George Gig Cook, who emerged as the leader of the Provincetown Theatre Group, believed that O'Neill was a dramatist of great promise and over the next three years ten of his plays were performed including The Fog (1916), The Sniper (1917), In the Zone (1917), The Long Voyage Home (1917), Moon of the Caribbees (1918), Shell-Shock (1918) and The Emperor Jones (1920), a play where a black actor plays the central role. Several of his plays reflects his hostility to the events of the First World War. A subject that was important to his great friend, John Reed, who was imprisoned for his anti-war activities.
In 1917, O'Neill met Agnes Boulton, a successful writer of commercial fiction, and they married on 12th April, 1918. Over the next few years the couple had two children, Shane and Oona. He continued to suffer from depression and his state of mind was not helped when his parents and elder brother Jamie O'Neill, also an alcoholic, died within three years of one another (1920-1923).
Louise Bryant arrived back in New York City on 19th February, 1918. On her return Bryant commented that the Russian Revolution had increased her belief in women's suffrage. She immediately wrote to O'Neill in Provincetown. Agnes Boulton later recalled: "Louise wrote that she must see him - and at once. She had left Jack Reed in Russia and crossed three thousand miles of frozen steppes to come back to him - her lover. Page after page of passionate declaration of their love of hers, which would never change. She had forgiven him. What if he had picked up some girl in the Village and become involved? There was no use writing letters - she had to see him! It was all a misunderstanding and her fault for leaving him, for going to Russia with Jack." Boulton persuaded O'Neill not to see Louise.
O'Neill initially concentrated on writing one-act plays but it was his first full-length play, Beyond the Horizon (1920), that established his reputation as a dramatist. This play won a Pulitzer Prize and was followed by Anna Christie (1921), The Hairy Ape (1922), Desire Under the Elms (1924), All God's Chillun Got Wings (1924) a play that featured Paul Robeson, The Great God Brown (1926) and Strange Interlude (1928).
In 1929, O'Neill abandoned Agnes Boulton and the children for the actress Carlotta Monterey. The couple moved to the Loire Valley in France, where they lived in the Château du Plessis in Saint-Antoine-du-Rocher. In the early 1930s they returned to the United States and lived in Sea Island, Georgia, before moving to Danville, California in 1937.
O'Neill continued to have problems with alcohol. His friend, Art McGinley, commented: "Gene was a periodic drinker, and once started wouldn't stop - I guess he couldn't stop - until he was really sick. He was the most trying morning-after drinker I've ever known. He would gloom up and not say a word, or else talk of suicide, he was so disgusted with himself. But when he stopped drinking, he would work around the clock. I never knew anyone who had so much self-discipline."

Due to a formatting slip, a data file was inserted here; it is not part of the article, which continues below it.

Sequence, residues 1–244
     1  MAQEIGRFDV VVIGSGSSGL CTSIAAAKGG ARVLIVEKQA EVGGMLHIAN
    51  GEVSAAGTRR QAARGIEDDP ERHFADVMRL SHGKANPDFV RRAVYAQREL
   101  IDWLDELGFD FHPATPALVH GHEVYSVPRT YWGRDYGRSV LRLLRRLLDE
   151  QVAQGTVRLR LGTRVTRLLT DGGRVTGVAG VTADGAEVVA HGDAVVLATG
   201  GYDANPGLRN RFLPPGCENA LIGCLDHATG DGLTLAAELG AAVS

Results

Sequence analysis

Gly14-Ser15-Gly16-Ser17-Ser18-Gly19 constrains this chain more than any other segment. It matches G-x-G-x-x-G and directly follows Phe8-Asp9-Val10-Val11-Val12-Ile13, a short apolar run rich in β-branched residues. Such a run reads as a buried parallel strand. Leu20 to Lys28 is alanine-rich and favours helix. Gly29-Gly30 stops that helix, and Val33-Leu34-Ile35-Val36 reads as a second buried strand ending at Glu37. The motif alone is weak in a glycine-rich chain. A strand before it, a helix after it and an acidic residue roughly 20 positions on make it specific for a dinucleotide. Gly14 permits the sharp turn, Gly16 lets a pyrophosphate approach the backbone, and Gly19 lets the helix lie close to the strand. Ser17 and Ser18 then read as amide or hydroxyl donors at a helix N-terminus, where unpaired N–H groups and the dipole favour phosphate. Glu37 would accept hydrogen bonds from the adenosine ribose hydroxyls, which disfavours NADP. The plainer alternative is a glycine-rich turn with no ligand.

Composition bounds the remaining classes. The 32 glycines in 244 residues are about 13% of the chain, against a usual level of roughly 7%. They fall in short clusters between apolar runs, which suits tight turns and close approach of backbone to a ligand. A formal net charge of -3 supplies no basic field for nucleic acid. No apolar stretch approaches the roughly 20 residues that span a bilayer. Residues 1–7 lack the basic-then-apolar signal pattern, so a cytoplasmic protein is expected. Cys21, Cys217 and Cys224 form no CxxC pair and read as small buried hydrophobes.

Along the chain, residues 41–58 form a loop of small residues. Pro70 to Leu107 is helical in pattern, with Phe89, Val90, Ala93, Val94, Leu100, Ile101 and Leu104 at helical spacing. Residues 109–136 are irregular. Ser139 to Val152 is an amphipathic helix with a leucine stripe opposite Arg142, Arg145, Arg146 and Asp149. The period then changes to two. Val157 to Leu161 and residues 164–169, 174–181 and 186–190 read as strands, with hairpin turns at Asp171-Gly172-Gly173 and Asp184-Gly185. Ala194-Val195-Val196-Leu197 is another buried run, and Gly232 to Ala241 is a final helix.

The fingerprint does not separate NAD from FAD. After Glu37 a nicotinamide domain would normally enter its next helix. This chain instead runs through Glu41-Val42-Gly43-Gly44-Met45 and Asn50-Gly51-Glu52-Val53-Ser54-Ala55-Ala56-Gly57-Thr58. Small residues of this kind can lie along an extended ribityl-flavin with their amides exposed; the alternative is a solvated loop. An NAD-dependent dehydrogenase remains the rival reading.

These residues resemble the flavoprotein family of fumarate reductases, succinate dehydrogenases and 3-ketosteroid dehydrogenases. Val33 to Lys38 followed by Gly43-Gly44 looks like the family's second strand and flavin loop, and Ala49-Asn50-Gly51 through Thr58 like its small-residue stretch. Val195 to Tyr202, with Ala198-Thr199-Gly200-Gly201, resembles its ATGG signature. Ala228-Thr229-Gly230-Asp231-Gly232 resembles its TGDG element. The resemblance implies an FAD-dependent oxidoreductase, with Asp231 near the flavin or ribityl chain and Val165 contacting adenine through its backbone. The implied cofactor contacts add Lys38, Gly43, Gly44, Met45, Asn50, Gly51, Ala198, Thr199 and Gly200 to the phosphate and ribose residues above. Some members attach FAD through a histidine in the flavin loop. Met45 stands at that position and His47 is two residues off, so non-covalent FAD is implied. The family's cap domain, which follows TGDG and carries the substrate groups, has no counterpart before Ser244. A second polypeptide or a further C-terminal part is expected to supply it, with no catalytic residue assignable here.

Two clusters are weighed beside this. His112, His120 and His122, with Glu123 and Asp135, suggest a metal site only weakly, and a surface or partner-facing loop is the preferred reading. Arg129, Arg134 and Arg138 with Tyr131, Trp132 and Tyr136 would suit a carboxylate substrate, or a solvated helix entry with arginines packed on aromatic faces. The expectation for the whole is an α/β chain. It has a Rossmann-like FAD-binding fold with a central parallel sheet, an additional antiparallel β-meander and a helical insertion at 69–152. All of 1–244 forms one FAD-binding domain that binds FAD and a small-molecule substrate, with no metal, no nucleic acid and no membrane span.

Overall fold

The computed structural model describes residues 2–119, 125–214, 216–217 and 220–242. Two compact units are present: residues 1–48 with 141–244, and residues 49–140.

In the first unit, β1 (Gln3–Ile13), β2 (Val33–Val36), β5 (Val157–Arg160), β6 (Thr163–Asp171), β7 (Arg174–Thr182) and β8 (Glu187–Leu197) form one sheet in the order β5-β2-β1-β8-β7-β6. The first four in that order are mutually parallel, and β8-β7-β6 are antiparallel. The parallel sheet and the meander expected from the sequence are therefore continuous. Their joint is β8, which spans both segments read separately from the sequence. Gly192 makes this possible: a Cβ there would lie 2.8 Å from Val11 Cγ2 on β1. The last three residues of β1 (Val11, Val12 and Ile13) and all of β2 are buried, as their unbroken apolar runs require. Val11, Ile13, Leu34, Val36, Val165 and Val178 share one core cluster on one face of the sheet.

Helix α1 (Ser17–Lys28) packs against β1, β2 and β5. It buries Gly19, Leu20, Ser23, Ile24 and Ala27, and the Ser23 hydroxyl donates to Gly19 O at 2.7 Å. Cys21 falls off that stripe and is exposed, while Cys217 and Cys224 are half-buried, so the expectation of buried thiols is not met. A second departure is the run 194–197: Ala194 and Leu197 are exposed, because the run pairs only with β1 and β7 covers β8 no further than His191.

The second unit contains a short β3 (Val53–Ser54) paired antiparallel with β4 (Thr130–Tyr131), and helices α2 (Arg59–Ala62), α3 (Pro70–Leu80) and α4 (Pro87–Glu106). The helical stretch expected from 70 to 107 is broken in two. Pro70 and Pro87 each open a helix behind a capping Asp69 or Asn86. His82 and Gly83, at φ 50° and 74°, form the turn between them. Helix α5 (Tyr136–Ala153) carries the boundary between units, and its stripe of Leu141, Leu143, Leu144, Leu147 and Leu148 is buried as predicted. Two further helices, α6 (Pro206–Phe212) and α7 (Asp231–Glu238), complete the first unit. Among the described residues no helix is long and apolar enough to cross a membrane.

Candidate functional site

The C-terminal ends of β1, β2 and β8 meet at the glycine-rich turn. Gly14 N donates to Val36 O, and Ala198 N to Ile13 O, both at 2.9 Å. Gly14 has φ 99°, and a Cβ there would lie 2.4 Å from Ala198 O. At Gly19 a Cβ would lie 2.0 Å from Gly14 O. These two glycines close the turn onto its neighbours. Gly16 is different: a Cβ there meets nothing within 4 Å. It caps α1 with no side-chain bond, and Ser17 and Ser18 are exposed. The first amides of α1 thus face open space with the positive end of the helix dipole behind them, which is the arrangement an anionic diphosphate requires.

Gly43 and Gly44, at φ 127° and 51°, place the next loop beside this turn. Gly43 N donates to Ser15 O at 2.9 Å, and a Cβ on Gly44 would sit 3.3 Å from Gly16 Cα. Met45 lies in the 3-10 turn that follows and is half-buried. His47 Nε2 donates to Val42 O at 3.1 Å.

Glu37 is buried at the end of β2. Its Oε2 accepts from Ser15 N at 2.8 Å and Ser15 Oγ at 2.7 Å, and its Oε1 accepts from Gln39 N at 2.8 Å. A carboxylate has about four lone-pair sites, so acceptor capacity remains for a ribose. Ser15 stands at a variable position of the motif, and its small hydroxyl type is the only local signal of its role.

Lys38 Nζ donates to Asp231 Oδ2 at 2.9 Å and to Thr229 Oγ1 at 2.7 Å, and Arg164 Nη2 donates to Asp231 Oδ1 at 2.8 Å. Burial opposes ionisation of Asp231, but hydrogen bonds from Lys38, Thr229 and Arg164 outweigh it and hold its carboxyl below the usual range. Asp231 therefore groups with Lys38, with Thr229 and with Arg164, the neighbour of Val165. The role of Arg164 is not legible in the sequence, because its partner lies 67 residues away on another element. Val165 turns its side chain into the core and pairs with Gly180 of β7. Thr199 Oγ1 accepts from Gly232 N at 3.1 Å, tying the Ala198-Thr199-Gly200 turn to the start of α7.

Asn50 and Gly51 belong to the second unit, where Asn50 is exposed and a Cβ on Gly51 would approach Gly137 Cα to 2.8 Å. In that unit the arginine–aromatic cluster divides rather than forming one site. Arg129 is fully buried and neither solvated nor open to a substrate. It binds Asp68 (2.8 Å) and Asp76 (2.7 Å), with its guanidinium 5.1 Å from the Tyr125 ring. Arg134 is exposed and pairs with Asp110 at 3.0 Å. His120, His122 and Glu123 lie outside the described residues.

Agnes Boulton, his former wife claimed in her autobiography, Part of a Long Story (1953): "He never seemed to be what is called drunk, but there would be some sudden and rather dreadful outbursts of violence, and others of bitter nastiness and malevolence when he appeared more like a madman than anything else." O'Neill's health deteriorated during the 1930s. Suffering from alcoholism and Parkinson disease, O'Neill wrote little during this period although in 1936 he won the Nobel Prize for Literature.
In 1940 O'Neill wrote the autobiographical play, Long Day's Journey Into Night. The action takes place during a single day in August 1912 at the summer home of the Tyrone family. The members of the family are the father, an actor, the drug-addicted mother, an alcoholic son and his younger brother suffering from tuberculosis (based on O'Neill himself). O'Neill left written instructions that stipulated that the play must not be made public until 25 years after his death.
The Iceman Cometh (1946) was the first new play of O'Neill's to be performed for twelve years. The play is set in Harry Hope's downmarket Greenwich Village saloon and rooming house. The patrons, Ed Mosher, Pat McGloin, Willie Oban, Joe Molt, Piet Wetjoen, Cecil Lewis, James Cameron, Hugo Kalmer and Larry Slade, are all alcoholics. One of his favourite plays, O'Neill claimed it was an attempt to portray man as a "victim of the ironies of life and himself".
O'Neill had poor relationships with his children. He disowned his daughter Oona O'Neill in 1943 for marrying Charlie Chaplin when she was 18 and he was 54. He never saw his daughter again. Eugene O'Neill, Jr., suffered from alcoholism, and committed suicide in 1950 at the age of 40, and Shane O'Neill, a heroin addict who also committed suicide. Oona was also an alcoholic in the last years of her life.
Eugene O'Neill died in Room 401 of the Sheraton Hotel on Bay State Road in Boston, on November 27, 1953, at the age of 65. Despite the written orders that he left, Carlotta Monterey arranged for Long Day's Journey Into Night to be performed in 1956. The following year it joined Beyond the Horizon and Anna Christie in winning the Pulitzer Prize.